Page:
Severance pay: This is a lump-sum payable for sudden loss of income. It is meant to deal with the shock of suddenly finding oneself in the ranks of the unemployed. Statutory Instrument six of 2002 stipulates three months’ severance pay. The Retrenchment Board has generally awarded three to six months pay.
Service pay/gratuity: Generally, one month’s salary has been awarded for each year of service. Those who will benefit more from this component are those who would have served the organisation for a number of years. If the “last-in-first-out” formula is used, the affected employees are not likely to benefit much.
Relocation allowance: This is a lump-sum originally meant to assist retrenchees to move their household property back to their rural homes or place of origin. I guess this was originally more applicable to mining establishments located far from major centres. It has, however, since become a standard component of most retrenchment packages. This ranges from one week to three months’ pay.
Various other items may be included in retrenchment packages depending on such factors as affordability, the organisation’s attitude towards worker welfare, and so on. Some of these discretionary items have included the following:
When Air Zimbabwe decided to retrench in August 2009, it offered as part of the retrenchment package enjoyment of travel benefits (free flights) for two years effective August 1 2009 for senior managers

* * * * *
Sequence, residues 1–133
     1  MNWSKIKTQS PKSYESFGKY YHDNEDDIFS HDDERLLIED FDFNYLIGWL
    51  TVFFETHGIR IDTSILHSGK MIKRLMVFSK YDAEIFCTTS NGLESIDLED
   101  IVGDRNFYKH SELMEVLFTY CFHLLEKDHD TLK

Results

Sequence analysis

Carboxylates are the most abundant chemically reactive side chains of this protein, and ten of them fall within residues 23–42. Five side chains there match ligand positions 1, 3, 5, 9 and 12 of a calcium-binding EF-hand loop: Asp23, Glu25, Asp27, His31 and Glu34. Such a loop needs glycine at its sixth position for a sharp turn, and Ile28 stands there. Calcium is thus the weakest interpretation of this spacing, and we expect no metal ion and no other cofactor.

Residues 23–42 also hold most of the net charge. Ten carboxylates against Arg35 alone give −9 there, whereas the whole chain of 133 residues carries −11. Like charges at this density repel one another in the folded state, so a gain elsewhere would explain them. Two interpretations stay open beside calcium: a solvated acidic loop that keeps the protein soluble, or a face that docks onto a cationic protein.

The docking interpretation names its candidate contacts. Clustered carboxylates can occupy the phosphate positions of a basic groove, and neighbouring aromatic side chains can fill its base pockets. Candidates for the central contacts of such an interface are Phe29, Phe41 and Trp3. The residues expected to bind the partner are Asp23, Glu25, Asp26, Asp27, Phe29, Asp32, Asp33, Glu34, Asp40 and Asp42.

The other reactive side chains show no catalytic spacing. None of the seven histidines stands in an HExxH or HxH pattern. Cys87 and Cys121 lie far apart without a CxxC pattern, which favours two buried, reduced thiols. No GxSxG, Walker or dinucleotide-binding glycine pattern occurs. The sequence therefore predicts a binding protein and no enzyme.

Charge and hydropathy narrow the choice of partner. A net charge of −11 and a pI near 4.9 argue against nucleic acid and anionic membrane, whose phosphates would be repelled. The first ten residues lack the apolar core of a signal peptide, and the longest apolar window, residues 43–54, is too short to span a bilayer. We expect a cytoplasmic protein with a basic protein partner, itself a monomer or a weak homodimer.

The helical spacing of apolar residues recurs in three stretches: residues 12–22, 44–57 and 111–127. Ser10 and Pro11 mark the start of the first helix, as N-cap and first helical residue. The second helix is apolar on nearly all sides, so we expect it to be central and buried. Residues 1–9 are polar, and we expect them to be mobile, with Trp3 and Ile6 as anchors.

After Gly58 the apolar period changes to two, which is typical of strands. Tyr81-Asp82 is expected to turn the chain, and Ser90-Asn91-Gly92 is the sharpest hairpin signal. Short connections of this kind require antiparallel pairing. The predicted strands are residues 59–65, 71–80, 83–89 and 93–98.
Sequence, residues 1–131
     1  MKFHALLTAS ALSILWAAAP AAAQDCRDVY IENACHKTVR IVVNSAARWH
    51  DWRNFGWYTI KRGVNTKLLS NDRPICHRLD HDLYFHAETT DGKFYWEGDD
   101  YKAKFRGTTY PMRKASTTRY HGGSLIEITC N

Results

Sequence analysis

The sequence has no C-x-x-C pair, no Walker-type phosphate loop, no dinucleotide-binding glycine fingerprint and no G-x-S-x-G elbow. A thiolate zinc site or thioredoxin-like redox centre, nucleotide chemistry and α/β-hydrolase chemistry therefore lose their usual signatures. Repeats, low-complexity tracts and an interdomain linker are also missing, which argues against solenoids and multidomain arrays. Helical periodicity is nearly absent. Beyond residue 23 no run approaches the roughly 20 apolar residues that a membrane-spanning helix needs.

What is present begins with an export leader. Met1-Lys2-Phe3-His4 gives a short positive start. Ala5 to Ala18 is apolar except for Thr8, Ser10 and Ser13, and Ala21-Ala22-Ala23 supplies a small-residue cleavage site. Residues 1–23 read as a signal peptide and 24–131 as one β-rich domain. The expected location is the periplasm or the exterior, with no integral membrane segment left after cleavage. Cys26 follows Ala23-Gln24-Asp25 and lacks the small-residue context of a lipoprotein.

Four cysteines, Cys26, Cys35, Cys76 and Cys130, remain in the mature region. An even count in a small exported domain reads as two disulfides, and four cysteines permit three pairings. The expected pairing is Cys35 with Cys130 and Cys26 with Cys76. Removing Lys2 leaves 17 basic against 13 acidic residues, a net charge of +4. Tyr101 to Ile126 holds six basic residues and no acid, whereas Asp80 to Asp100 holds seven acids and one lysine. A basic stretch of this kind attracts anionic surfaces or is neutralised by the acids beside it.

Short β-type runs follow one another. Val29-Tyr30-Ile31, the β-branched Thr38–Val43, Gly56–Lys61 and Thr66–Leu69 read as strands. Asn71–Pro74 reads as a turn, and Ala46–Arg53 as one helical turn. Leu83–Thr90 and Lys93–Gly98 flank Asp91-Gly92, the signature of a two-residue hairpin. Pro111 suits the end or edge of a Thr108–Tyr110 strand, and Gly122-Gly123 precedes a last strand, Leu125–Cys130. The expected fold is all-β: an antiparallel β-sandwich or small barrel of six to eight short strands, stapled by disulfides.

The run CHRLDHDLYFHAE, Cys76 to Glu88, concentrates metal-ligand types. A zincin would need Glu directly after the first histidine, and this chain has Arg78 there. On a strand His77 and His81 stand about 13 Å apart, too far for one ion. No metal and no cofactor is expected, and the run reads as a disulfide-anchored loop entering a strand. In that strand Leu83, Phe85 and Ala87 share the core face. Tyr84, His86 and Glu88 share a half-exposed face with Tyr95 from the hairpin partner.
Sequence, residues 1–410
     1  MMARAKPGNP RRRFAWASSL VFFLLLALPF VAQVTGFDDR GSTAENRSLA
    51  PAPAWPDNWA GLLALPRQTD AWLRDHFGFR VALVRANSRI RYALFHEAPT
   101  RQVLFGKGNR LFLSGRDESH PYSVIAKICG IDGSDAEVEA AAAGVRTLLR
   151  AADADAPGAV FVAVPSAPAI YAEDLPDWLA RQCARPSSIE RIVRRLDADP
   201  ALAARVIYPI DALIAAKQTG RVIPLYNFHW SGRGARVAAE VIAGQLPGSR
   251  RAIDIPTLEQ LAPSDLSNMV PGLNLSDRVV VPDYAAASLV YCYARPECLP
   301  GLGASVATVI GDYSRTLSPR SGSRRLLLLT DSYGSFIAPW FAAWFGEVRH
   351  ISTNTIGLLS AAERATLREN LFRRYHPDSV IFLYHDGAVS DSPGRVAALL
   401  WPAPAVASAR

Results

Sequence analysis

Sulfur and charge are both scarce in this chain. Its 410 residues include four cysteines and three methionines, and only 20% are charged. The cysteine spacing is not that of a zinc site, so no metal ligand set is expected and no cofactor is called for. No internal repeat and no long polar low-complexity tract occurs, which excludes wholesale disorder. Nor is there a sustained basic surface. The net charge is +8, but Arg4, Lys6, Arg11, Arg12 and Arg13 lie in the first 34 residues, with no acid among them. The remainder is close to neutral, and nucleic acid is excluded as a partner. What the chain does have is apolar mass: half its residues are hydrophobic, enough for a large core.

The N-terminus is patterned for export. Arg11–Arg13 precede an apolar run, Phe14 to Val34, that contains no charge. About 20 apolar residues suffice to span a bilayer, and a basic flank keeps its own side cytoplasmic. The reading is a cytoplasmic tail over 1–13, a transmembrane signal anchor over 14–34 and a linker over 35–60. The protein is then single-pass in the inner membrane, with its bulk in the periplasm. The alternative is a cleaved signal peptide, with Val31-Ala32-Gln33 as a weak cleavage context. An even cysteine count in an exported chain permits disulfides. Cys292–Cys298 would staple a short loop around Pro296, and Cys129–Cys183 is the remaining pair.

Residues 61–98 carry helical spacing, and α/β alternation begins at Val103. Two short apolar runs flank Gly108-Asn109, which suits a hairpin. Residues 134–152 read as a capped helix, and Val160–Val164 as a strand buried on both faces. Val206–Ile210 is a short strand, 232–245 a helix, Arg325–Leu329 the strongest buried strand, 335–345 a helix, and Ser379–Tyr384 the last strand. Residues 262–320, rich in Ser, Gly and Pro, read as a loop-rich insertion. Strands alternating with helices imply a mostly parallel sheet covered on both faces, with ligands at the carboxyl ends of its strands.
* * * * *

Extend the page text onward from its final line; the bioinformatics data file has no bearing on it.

Extension of medical aid or school fees for a period of up to 12 months.
Payment of a pro-rata portion of the next annual bonus
Writing off outstanding loans
Extension of house and car loans. This was the case Charamba v Stanbic Bank Zimbabwe Limited (Labour Court Judgment LC/H/81/04)
Selling the company car at book value. This is only applicable to those to whom company cars have been allocated
A strong letter of recommendation to assist the retrenched employees in their job hunt
l Taking office furniture as part of the total retrenchment package
Workers whose employment has been terminated due to retrenchment can be given a certain priority of rehiring
Pension contributions can be maintained by both parties up to the time of maturity of the scheme.
The list is certainly not exhaustive. Organisations can tailor-make the retrenchment package to suit their individual circumstances.
With current trends of retrenchments showing no sign of abating, the issue of the optimum size of retrenchment package will remain mired in controversy. Companies seek retrenchment in order to survive. Retrenchees on the other hand face a bleak future and seek the best deal possible. It saves time and costs for parties to agree internally and then forwarded to Labour and Social Services ministry only for the record and to ZIMRA for tax approval.
Apart from the obvious requirement to treat employee fairly, organisations must take note of the “survivor syndrome” — whereby those who remain can be affected by the retrenchment just as much as those who leave. Disillusionment, cynicism and stress will obviously be rife.
Organisations today do need to be lean to survive, but the question is: Do they also need to be mean?
Isaac Mazanhi is a labour analyst. He writes in his personal capacity.
He can be contacted on email: firstname.lastname@example.org